#19 Long Live the Purple Scrunchy!

Episode Host: Lara Varpio

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Episode Article

Bullock, J. L., Sukhera, J., Del Pino‐Jones, A., Dyster, T. G., Ilgen, J. S., Lockspeiser, T. M., Teunissen, P. W., & Hauer, K. E. (2023). ‘Yourself in all your forms’: A grounded theory exploration of identity safety in medical students. Medical Education, medu.15174. https://doi.org/10.1111/medu.15174

Recorded LIVE at AMEE2023 in Glasgow

In this episode, the hosts review a research paper that takes on the challenge of generating a theory of identity safety in the clinical learning environment. This work pushes beyond current notions of psychological safety and so looks not only at how educators can help protect the full breadth of identities that learners bring to medical education, but also the agency that the learners can harness. If you want to foster learning environments where each and every learner is free to be their full selves, then this is a must-listen episode.


We each select papers for the podcast for a variety of reasons. Papers that offer excellent illustrations of a particular research method, or that offer particularly useful teaching points for educators, or that address a topic we’re personally thinking about—these are all reasons a paper might be addressed in the podcast. But, sometimes, we pick a paper because it is a clarion call highlighting a topic that needs more prominence. This paper is one of the latter. This is a topic we all need to consider. The paper addresses identity threat which they define as any form of internal, interpersonal or structural hostility towards one’s identities. Internal and external identity threats can include things like stereotype threat, microaggressions, racism, sexism, ableism, and more. All of us have either personally experienced identity threat or we’ve been educators and have watched while a colleague or a learner struggles with

identity threat. Now we have a language and a theory to help us contend with the issue.


The authors conducted a constructivist grounded theory study harnessing critical pedagogies, specifically critical race and feminist theories. They solicited participation from 3rd and 4th year medical students who had accrued clinical experiences. They used purposive and maximum variation sampling: the purposive sampling was to find participants with minoritized identities, prioritizing across race, gender identities, and immigrant learners; the maximum variation was to find the most diverse set of experiences, to find participants whose narratives would enrich or challenge the team’s thinking.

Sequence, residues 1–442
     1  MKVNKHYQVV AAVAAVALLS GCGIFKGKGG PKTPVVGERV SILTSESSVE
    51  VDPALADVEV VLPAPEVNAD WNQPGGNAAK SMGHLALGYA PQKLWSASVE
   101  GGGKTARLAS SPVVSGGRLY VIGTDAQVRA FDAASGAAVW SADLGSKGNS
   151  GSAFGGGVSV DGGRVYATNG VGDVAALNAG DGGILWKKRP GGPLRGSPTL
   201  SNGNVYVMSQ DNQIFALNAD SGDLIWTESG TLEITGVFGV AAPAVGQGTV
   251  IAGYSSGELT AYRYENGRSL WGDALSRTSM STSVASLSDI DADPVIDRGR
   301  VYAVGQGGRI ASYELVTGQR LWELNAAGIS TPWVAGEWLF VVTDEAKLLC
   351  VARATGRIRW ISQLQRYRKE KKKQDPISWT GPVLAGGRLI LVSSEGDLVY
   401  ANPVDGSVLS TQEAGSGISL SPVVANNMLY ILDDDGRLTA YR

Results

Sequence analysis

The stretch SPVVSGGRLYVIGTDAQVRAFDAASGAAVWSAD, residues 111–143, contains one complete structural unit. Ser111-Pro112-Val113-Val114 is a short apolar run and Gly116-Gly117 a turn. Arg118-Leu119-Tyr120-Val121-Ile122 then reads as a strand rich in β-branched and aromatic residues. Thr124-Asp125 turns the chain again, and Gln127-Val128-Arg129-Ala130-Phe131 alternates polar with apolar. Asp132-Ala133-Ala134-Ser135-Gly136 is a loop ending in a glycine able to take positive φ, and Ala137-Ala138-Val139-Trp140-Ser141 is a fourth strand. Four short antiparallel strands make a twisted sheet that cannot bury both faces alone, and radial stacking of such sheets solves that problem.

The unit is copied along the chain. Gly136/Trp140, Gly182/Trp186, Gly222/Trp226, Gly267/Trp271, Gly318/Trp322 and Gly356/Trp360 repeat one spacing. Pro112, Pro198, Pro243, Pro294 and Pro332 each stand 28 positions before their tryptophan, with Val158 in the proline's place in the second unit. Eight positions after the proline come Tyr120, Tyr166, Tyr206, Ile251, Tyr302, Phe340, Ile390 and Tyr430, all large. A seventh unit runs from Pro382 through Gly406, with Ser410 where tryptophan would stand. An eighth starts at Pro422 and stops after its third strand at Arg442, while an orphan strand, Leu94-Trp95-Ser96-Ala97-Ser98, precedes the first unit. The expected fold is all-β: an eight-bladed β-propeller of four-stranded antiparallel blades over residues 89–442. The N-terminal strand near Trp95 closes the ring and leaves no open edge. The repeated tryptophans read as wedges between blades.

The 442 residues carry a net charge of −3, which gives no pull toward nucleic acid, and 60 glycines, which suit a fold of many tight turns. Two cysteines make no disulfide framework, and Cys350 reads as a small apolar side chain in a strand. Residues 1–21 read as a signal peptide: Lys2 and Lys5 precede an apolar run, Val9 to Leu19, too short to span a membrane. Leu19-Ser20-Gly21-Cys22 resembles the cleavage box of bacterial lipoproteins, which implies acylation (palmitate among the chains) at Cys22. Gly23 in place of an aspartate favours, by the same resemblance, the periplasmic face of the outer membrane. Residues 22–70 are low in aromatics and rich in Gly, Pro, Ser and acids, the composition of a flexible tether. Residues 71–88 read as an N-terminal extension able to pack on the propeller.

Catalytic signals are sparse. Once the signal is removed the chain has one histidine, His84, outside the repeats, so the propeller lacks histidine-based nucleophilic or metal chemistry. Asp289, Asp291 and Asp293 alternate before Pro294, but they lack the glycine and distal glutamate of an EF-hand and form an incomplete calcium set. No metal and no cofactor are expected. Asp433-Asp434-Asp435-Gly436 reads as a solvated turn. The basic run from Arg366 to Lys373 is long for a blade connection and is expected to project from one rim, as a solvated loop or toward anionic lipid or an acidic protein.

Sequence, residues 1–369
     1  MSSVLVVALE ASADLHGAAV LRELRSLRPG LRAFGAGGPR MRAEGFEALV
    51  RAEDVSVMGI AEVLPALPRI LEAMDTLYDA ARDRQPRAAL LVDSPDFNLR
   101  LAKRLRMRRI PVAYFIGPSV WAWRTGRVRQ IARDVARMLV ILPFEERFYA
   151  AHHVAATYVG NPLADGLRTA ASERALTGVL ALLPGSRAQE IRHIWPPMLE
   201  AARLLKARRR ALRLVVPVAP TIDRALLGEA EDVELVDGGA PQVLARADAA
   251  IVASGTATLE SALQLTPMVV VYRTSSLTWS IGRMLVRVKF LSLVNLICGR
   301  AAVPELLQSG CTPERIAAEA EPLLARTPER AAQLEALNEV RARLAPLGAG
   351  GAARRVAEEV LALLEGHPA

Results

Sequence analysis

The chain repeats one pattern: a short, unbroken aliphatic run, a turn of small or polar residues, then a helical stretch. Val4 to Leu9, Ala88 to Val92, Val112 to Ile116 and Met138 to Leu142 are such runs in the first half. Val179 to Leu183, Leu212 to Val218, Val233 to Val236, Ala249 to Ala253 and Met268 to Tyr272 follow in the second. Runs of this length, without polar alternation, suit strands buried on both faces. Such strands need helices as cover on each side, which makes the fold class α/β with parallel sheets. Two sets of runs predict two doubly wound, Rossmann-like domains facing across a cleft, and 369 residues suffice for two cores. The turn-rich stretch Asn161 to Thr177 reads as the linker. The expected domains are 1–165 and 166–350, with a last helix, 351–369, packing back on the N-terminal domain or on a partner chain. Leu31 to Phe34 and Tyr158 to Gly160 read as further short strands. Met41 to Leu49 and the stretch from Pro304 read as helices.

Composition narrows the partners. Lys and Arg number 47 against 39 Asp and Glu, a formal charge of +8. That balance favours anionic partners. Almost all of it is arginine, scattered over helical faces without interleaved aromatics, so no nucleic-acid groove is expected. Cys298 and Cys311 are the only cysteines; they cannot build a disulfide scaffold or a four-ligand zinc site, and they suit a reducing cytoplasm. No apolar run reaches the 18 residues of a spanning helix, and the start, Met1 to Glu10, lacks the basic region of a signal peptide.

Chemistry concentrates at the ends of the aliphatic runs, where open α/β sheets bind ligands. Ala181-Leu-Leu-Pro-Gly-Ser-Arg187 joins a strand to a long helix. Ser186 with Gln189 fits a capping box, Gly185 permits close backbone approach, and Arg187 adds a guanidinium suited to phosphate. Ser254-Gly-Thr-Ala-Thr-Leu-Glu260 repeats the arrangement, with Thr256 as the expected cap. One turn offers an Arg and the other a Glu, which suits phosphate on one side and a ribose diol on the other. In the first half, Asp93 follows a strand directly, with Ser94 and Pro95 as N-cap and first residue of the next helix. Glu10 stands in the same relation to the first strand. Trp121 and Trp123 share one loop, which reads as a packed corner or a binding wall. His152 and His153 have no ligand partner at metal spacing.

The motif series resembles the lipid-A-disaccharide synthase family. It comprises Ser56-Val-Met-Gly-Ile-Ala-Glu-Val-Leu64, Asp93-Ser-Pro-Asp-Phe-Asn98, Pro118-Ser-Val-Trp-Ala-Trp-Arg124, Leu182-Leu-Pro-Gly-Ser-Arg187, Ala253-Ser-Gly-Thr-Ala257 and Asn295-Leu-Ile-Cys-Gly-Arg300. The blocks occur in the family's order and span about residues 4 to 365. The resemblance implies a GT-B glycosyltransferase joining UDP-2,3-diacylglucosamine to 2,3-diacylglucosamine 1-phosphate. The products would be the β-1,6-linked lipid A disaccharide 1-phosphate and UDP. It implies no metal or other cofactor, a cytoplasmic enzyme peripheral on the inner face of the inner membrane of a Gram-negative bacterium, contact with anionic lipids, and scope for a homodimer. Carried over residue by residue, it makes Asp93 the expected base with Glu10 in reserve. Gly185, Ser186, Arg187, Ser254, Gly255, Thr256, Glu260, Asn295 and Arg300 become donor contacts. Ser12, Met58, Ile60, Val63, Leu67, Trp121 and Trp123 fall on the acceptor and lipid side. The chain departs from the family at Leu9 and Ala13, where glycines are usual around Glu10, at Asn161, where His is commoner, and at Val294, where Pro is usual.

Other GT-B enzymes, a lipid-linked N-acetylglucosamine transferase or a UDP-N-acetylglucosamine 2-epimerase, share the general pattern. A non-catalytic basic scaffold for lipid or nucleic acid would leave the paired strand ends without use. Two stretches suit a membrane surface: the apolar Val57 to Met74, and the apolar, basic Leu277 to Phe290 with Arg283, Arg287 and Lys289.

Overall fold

They recruited across three different medical schools in the US and sent potential participants an 11 item survey. The purpose of this survey was to inform sampling, so it included the racial and gender versions of the Stereotype Vulnerability Scale—a scale that measures awareness of negative stereotypes about one’s identity group. They used the data from the survey to inform their purposive and maximum variation sampling.

Interviews were collected and analyzed in iterative cycles using the constant comparison approach. The authors developed codes and then themes and then synthesized their findings into a theory.


The researcher conducted 16 interviews with a diversity of individuals (see table in paper).

The authors launch their theory by examining identity threat. They describe how an unwelcoming learning environment, pressure to change their personal behavior to fit in, sociopolitical threats, and lack of identity safety were four central concepts they found in their data that constituted identity threat. Learners felt their identity was tokenized, felt pressure to change their identities in order to fit in, felt that the learning environment was unwelcoming, and/or felt that broader sociopolitical situations threatened them.

When identity threat was experienced, participants managed that threat proactively and reactively. The authors called this threat mitigation. Threat mitigation could be carried out by the individual (i.e., safeguarding) or with support from others (i.e., allyship). These were the ways that the individuals who experienced identity threat and sometimes the people around them dampened identity threat. One important point to note here is that the individual experiencing threat and their community can engage in safeguarding and allyship to try to mitigate the identity threat, but mitigation is not elimination.

Finally, the authors address identity safety which is the freedom to be oneself, where a learner existed as their authentic self without worrying about others’ perceptions of their identities. Identity safety arose from three interrelated components: upholding personhood, belonging, and agency to serve.


Identity safety is something we can AND SHOULD all be actively working to support. This paper beautifully articulates key concepts to this theory and offers illustrative examples from the participants’ narratives that will leave you profoundly impacted by their truths.


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